A COM reference is also known as a “typed” reference, because it can refer only to a COM object of a specified type. When you create a COM reference, you must specify the class of the item that the reference will refer to. For example, you could create a COM reference that refers to an Excel workbook. The type library for an application specifies the types of objects a COM reference can refer to in that application.
Because a COM reference contains type information, checking can be done at compile-time to verify that the reference always refers to an object of the specified type. If a COM reference refers to an object that isn’t the appropriate type, a compiler error will result.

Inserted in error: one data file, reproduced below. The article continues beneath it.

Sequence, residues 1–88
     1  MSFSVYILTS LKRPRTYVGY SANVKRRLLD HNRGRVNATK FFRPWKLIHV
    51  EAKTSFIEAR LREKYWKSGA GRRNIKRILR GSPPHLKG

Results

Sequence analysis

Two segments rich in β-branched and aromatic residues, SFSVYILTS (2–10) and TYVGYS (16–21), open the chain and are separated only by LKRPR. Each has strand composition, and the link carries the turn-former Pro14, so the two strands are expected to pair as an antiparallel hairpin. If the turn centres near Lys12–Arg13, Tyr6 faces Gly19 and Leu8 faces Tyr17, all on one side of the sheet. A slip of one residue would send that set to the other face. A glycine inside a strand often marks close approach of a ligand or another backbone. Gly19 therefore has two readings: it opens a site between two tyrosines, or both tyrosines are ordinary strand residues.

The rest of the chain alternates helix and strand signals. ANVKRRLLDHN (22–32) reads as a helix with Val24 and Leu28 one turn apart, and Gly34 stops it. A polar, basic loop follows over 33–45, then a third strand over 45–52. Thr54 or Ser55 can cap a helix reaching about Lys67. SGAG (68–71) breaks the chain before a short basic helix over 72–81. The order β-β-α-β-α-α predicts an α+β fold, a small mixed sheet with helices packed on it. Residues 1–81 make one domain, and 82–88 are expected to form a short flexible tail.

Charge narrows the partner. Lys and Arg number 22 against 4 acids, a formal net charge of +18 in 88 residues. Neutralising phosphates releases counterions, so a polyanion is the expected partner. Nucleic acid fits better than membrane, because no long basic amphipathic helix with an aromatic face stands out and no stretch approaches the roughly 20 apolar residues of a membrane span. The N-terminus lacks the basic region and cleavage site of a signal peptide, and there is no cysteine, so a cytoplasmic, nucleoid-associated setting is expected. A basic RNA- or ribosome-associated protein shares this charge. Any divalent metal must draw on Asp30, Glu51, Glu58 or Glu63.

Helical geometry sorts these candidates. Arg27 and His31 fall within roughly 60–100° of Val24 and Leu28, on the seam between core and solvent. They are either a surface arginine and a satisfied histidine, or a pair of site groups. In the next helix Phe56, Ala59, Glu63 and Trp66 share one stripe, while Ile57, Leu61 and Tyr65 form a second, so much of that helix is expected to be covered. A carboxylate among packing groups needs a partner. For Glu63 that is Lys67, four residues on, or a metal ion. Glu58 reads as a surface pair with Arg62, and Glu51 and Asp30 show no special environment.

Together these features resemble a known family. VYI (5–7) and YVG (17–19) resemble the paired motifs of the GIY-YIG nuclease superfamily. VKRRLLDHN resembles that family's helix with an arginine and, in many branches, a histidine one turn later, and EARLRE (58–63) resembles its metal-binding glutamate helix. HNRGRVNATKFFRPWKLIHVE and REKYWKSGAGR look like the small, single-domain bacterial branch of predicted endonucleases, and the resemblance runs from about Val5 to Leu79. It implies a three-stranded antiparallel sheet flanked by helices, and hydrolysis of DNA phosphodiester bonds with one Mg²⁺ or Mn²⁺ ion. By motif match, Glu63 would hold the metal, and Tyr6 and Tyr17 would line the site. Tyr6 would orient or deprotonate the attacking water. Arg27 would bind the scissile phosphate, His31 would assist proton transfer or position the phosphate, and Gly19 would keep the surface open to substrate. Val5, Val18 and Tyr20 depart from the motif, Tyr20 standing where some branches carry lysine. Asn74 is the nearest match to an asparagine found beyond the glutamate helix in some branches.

Using COM references can also improve the performance of your COM integration. Because COM type information is contained in the reference, the script compiler can use “early binding”. This means all of the necessary information to connect to the specified object must be retrieved only once, when the script is compiled.